Futures Forum: Soapbox Sessions
The Soapbox Sessions saw various experts present 15-minute, TED-style, quick fire presentations, across a diverse range of subjects including environmentalism, grassroots venues, touting and meditation.
Maggie Crowe OBE, director of events and charities at BPI, took to the stage first to reveal the inner-workings of the Brits and its evolution from a small, non-televised event to the UK’s answer to the Grammys. “We’re up for new ideas,” said Crowe, referencing the “lunacy that goes on in the Brits world.”
Next, A Greener Festival’s Claire O’Neill offered ten tips for an eco-friendly life, stating that “the entire fundamentals of the touring industry are not sustainable.” O’Neill promoted reusable cutlery, public transport, vegan eating, water sharing and an environmentally conscious approach to narcotics, “always choose a local dealer,” she joked.
Ticketmaster’s Ben Tipple explained the principles of content marketing – being relevant and valuable. Tipple described content as the “fun stuff” between marketing and journalism that “tells a story”. The initial stages of Fyre Festival’s content marketing was “actually really remarkable,” said Tipple, noting that the infamous festival sold on content alone.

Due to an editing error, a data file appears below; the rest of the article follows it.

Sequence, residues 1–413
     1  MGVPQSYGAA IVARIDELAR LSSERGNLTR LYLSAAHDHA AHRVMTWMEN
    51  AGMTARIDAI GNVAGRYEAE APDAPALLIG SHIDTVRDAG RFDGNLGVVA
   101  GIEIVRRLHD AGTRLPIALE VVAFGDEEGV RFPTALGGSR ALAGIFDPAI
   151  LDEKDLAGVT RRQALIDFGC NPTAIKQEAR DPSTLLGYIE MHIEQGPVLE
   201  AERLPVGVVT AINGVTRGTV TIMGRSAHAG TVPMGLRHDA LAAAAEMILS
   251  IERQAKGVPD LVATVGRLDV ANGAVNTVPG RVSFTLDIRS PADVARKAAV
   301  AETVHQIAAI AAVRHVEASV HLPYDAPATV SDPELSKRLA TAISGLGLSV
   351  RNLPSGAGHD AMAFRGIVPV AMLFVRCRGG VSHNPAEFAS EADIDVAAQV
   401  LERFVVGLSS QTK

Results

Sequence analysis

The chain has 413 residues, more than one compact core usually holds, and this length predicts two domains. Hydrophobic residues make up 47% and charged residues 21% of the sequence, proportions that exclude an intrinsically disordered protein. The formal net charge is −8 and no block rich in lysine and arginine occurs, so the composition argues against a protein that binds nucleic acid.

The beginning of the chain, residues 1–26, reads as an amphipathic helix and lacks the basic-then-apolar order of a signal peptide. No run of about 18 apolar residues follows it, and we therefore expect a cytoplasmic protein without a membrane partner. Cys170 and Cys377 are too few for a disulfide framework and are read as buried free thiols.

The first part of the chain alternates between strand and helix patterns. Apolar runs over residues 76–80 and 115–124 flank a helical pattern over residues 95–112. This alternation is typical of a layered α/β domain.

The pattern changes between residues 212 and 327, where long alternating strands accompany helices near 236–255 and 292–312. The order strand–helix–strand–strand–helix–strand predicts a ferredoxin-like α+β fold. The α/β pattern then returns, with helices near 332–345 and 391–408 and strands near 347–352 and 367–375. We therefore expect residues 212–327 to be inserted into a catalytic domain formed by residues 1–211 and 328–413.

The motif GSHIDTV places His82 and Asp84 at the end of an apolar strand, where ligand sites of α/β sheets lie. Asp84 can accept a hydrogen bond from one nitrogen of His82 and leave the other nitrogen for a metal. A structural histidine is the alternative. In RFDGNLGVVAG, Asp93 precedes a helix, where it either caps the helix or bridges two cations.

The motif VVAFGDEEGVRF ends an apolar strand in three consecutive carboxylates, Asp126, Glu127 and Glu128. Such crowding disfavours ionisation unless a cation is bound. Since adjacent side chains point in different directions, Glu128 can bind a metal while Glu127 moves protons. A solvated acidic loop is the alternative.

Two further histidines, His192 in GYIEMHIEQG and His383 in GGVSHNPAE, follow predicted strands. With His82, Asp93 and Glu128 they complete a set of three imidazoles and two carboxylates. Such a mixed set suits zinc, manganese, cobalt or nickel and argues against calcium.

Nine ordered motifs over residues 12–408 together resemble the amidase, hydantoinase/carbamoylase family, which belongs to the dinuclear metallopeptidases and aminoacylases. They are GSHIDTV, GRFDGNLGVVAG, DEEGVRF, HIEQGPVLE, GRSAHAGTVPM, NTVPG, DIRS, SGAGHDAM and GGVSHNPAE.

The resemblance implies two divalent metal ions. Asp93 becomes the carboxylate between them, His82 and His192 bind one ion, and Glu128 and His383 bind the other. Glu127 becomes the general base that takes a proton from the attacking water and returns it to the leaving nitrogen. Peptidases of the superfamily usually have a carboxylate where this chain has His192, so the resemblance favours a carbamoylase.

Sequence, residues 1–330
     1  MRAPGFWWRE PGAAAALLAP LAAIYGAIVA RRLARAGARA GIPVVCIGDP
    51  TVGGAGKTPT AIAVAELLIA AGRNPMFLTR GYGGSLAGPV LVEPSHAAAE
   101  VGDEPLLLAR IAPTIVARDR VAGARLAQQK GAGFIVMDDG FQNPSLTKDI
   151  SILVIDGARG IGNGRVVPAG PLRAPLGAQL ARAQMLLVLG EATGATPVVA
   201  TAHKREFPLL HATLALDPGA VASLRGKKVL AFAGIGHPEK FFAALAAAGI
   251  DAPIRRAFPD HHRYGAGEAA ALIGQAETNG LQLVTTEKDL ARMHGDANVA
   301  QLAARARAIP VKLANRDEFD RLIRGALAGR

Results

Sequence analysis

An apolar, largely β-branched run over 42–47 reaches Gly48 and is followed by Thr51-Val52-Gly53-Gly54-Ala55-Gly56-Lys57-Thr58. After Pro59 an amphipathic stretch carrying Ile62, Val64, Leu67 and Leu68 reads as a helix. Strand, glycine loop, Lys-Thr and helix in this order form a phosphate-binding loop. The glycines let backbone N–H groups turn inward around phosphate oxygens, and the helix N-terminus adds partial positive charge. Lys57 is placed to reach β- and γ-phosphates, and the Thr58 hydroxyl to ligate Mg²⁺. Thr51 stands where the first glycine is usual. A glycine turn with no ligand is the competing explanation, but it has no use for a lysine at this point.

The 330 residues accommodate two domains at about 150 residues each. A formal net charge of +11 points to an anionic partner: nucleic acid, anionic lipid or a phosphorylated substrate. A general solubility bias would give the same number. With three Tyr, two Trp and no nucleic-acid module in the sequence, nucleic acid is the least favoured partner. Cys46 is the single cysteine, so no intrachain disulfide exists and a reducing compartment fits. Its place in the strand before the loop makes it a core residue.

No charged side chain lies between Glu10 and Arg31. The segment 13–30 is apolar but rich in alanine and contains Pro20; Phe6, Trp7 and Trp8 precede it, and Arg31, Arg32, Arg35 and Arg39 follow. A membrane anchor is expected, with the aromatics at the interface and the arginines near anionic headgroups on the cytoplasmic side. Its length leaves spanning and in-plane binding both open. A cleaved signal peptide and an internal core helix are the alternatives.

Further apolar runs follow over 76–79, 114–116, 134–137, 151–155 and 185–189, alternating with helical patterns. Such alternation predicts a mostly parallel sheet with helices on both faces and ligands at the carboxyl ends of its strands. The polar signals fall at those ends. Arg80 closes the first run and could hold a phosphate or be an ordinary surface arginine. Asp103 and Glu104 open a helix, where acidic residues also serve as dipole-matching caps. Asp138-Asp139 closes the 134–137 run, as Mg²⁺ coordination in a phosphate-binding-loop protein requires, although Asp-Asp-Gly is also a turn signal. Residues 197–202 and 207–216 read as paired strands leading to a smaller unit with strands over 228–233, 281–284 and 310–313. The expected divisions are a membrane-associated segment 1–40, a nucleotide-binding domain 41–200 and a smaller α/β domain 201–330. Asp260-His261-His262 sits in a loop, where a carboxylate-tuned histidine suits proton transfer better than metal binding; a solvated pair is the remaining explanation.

Radio 6 DJ Steve Lamacq stepped up with Music Venue Trust’s Mark Davyd to stress the importance of grassroots music venues. “Local communities are built around these venues and new bands start to form because of them,” said Lamacq, who estimated he had attended “somewhere in the region of 5,800 gigs” in his life.
“Local communities are built around grassroots venues and new bands start to form because of them”
The second round of soapbox sessions kicked off with former ticket tout Ken Lowson, who said that “ticket bots are toast” and spoke of how a hallucination featuring Obi-Wan Kenobi persuaded him to stop scalping and instead serve the fan.
“The death of the newsfeed is here,” said Harry Willis from I AM POP. Willis explained that promoters can push ticket sales, send links to upcoming shows and gain fan data through messenger, stating that the immediate nature of communication is “essential in the live space.”
“You can’t control everything, often things do go wrong,” admitted production manager Sara Maria Kordek, who gave top tips on ensuring smooth production. Maintaining trust, empowering your team and trusting instincts are key, said Kordek, who spoke of production as a puzzle: “combine all the small details and check every piece fits to make the show.”
Finally, Buddhist monk Gelong Thubten said that people are “more desperate than ever” for mindfulness and meditation techniques, as “the systems we created to make life simpler are making it more complicated.”
Thubten dispelled myths surrounding meditation, which is more about choosing thoughts than removing them. Through mindfulness, “you become the boss of your own reality,” said the monk.
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